Audio Hacker Voice Changer


This Audio Hacker example shows how you can manipulate audio to radically change recorded samples. This project uses a technique called granular synthesis, to raise and lower the pitch of a sample. It’s easy to change the pitch of a sample by playing it slower or faster, but granular synthesis allows you to alter the pitch without changing duration of the sample. So if a recorded sample was 5 seconds long, we can play it back at a higher or lower pitch, but the played sample will still have a duration of 5 seconds.

The technique is rather complex, but it involves dividing the sample up into small fragments called “grains”. When playing back a sample, if we want the pitch higher, we play the grain at a higher speed, but we play it over and over again until it takes the same amount of time as the grain played at original speed. Likewise, to lower pitch, we play each grain at a slower speed, but move onto the next grain sooner so that the overall sample has the same duration.

This technique introduces some noise, but it works really well with voice recordings. To send your voice into the Audio Hacker, I recommend using Audacity. Enable the monitoring feature for the microphone so that anything picked up by the computer’s microphone to the computer’s audio output, which is connected to the Audio Hacker input.
audacityMonitoring


For this project I used the DJ Shield because it has 5 buttons and 3 pots. Record a sample with a button on D5, and playback with a button on D6. A potentiometer connected to A0 changes the pitch after recording. Before recording, set the A0 pot to the midpoint. When playing back a sample, use A0 to alter the pitch.

But there’s more! A potentiometer connected to A1 changes the size of the grains. And a potentiometer on A2 allows you to “stretch” each grain and play it multiple times. Now using all of these controls, we can do some really fun stuff! Here’s a video showing what you can do:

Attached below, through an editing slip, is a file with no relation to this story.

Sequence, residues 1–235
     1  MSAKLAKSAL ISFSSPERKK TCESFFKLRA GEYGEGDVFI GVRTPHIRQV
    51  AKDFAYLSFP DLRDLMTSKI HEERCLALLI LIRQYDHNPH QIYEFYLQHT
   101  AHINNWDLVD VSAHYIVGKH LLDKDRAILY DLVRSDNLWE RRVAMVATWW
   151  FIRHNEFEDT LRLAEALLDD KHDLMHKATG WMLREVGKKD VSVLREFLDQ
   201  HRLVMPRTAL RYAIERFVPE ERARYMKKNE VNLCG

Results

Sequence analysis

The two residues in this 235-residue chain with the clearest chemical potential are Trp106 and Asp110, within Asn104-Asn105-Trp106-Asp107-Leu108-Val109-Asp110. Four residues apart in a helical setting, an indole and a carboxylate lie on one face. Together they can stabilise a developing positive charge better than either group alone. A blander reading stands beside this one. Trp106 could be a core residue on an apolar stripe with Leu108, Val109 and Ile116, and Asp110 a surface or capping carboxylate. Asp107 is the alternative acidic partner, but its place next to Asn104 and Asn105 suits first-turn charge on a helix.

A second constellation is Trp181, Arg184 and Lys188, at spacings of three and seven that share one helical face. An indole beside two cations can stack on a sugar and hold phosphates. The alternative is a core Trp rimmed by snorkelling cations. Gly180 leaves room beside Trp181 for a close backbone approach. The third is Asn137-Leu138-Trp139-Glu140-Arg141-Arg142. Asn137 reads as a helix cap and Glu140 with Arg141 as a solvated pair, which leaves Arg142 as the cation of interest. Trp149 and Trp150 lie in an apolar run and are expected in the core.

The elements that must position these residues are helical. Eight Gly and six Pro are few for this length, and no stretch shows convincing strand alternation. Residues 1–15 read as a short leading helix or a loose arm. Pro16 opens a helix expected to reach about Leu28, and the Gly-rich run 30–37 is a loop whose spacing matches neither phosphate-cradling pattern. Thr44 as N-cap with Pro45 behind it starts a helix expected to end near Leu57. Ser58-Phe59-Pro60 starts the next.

Published by Michael, on July 5th, 2013 at 9:55 am. Filed under: Audio. | 8 Comments |





8 Responses to “Audio Hacker Voice Changer”

  1. Is there a way to make this work in real time
    And be portable with a mic and power supply say like mounted
    In a helmet? If yes do you make them and sell them

    Comment by Fel3000ft on January 14, 2014 at 10:33 PM



  2. If it were possible to do it in realtime, I certainly would have!

    Comment by Michael on January 15, 2014 at 1:33 PM



  3. Wait. If it’s not possible to do this in real time, then why does the audio hacker page have “electret microphone” under “input type” as an option?

    Comment by Kurt on February 12, 2014 at 1:05 AM



  4. You can use a microphone as input. That has nothing to do with whether you can manipulate the audio in realtime with this project. You can record your voice on the Audio Hacker and then manipulate it, but you cannot manipulate it while you are speaking (realtime).

    Comment by Michael on February 12, 2014 at 7:20 AM



  5. Can this project be done using standalone avr mcu rather than using arduino?
    If possible please give details.

    Comment by john on July 6, 2014 at 12:57 PM



  6. Yes, if you build a standalone Arduino circuit and connect the Audio Hacker to it with all the shield pins connected to the corresponding ATmega328 pins.

    Comment by Michael on July 6, 2014 at 5:45 PM



  7. Is there an upgrade for this project? All the other Audio Hacker examples work except the voice changer. I’m running on a Duemilanove 328. The program just dies in the middle of sending the first serial report. Do I need a faster Arduino for this?

    Comment by Danny on March 5, 2015 at 6:59 PM



  8. A Duemilanove should work just fine. It has the same chip as an Uno. Have you tried turning off debugging by commenting out
    #define DEBUG

    ? There’s not much reason to have the debugging on and maybe it is interfering with the audio interrupt.

    Comment by Michael on March 5, 2015 at 7:06 PM



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